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Michigan State alum brings his lessons learned and a willingess to improve to the NBA
Pedigree Plus Practice Equals Power
By John Gardella
Here's what the team that drafts Jason Richardson knows it is getting: a pure athlete with championship pedigree. Here's what might surprise whichever team drafts the Michigan State product: He is willing to work at honing all facets of his game.

Jason Richardson averaged 14.7 ppg in his second year at Michigan State. Ray Amati/NBAE Photos
After shooting poorly in the Final Four for the Spartans, there was a question whether the 6-6 two guard had NBA range. But the 20-year-old impressed during individual workouts.

"Everybody has their shooting slumps but mine unfortunately came during tournament time and I had second thoughts about myself," Richardson said.

But they were only thoughts. After positive feedback from Spartans coach Tom Izzo and Magic Johnson, Michigan State's biggest booster and greatest player ever, Richardson entered the draft and started working on his shot.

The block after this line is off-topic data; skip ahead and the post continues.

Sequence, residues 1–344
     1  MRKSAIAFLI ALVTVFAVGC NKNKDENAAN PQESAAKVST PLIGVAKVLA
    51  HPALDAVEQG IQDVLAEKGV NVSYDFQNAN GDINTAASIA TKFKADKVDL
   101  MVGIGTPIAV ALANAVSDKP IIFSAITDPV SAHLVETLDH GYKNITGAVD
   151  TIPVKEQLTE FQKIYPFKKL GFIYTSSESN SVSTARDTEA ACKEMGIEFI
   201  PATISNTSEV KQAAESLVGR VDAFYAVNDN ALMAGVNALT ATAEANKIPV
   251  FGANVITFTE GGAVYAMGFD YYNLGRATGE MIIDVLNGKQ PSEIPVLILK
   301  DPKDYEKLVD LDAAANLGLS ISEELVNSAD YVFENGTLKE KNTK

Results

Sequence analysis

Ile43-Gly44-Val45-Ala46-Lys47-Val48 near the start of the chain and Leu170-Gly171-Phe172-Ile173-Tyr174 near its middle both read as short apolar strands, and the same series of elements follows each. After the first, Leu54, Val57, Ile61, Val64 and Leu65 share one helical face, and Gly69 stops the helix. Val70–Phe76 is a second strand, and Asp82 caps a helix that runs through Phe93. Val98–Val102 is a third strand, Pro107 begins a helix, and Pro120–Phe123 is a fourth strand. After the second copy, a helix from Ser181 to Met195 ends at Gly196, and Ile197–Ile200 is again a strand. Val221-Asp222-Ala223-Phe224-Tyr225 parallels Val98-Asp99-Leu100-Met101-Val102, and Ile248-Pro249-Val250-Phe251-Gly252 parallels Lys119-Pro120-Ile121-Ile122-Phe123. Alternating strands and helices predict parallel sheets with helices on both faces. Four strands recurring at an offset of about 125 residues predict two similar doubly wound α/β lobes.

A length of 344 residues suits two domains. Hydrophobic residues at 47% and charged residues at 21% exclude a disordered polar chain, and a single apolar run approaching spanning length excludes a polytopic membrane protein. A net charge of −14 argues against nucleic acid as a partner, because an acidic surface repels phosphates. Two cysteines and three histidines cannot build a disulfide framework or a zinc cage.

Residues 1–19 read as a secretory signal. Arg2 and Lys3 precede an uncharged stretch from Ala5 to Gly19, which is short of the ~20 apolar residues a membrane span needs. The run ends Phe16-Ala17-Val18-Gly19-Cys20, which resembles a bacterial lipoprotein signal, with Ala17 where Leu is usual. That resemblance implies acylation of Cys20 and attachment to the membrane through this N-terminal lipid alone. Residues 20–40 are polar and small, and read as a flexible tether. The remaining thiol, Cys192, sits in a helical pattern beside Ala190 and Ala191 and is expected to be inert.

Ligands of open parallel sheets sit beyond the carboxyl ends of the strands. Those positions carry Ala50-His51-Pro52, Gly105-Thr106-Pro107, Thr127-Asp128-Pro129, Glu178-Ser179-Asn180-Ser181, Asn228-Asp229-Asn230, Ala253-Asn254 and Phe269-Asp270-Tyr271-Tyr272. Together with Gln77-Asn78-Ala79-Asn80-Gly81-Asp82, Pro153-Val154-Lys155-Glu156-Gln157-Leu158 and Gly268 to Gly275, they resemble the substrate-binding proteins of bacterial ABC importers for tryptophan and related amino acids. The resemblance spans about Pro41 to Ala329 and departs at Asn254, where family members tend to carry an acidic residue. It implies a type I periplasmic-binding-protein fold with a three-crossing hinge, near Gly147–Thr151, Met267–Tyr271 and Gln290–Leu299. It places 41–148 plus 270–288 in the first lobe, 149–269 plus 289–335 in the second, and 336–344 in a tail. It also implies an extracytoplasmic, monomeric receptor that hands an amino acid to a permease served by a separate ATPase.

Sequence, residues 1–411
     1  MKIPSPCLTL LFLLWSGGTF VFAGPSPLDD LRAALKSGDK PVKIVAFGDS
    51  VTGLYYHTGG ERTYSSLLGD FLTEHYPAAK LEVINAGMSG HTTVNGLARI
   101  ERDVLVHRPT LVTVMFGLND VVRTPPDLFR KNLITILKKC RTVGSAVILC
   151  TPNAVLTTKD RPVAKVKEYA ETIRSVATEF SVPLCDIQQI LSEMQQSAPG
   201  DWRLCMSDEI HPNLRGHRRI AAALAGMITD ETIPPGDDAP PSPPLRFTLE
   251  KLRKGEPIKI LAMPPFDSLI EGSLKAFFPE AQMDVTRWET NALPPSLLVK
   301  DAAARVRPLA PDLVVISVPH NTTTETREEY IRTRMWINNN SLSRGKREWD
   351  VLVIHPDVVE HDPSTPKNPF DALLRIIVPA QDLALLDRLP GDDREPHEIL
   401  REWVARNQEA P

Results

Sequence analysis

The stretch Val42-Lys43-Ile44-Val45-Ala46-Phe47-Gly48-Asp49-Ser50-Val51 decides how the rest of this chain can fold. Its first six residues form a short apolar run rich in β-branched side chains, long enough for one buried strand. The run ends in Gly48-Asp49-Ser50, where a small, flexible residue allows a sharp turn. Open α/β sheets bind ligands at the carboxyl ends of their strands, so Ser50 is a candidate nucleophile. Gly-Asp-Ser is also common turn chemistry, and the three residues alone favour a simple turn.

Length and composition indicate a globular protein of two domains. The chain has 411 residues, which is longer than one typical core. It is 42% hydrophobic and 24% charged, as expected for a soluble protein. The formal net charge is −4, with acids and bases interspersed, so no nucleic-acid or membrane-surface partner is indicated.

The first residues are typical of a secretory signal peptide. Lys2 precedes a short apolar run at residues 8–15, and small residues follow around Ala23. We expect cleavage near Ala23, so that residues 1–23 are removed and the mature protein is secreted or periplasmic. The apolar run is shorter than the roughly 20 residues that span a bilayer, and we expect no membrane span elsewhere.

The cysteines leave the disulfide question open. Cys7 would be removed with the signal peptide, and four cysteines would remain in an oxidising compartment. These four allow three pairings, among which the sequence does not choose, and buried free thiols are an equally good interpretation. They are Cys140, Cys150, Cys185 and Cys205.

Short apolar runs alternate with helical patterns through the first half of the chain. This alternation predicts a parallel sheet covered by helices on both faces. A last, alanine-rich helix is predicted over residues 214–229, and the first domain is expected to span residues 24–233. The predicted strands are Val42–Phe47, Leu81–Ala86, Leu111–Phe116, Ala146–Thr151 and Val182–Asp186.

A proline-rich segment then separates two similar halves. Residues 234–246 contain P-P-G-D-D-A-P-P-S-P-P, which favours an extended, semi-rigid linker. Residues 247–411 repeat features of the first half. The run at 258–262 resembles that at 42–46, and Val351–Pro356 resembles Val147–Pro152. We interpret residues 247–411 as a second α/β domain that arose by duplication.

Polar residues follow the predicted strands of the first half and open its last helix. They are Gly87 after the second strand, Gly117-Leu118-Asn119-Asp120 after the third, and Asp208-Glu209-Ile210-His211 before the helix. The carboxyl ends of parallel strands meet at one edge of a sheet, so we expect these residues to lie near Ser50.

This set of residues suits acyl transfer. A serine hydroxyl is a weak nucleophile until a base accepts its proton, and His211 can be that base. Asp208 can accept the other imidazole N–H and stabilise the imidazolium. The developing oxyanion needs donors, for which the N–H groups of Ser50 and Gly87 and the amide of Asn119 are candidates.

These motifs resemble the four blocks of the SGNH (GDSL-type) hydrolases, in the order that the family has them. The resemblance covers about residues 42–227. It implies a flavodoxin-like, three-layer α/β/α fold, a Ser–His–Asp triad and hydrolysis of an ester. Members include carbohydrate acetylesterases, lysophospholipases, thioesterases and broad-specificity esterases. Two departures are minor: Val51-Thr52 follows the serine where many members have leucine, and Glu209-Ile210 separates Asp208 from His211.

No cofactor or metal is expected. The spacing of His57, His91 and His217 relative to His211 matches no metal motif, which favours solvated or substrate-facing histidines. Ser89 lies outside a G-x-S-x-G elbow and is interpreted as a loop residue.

"I took 1,000 shots a day last summer," the Saginaw, Mich., native, "and continued to do that this summer and I just wanted to show everybody that I could shoot. But I still have to get better at it and be a consistent shooter and I worked on it a lot this summer."

If Richardson were to develop a consistent jumper, he could turn into one of the more complete players in this year's class given his other attributes. Richardson was a member of Michigan State's national championship team in 2000 as a freshman. He contributed 5.1 points and 4.1 rebounds to a team that was led by NBA players Mateen Cleaves and Morris Peterson. In the championship game versus Florida, Richardson recorded nine points and two rebounds.

But last season, with Cleaves (Detroit) and Peterson (Toronto) graduated to the NBA, Peterson became the team's main option. He led the Spartans in points (486), scoring average (14.7), field goals (182), three-point field goal percentage (40.2), blocks (28) and steals (38). He was a First Team All-Big Ten Conference selection as well as an Associated Press Second Team All-America.

With his skills and 6-6, 220-pound frame, Richardson has drawn comparisons to one of the league's top players, Dallas' Michael Finley. "I think I'm sort of like Michael Finley, but I have a lot of work to go as far as my ballhandling skills and my shooting," Richardson said. "But I think we're very comparable because we can do so many things. We can defend, we can shoot, drive to the basket, both got great leaping ability, but I'm a long ways from him. Hopefully, one day I can be in his path and follow in his footsteps."

With Richardson's work ethic, that path may not be that difficult to follow.

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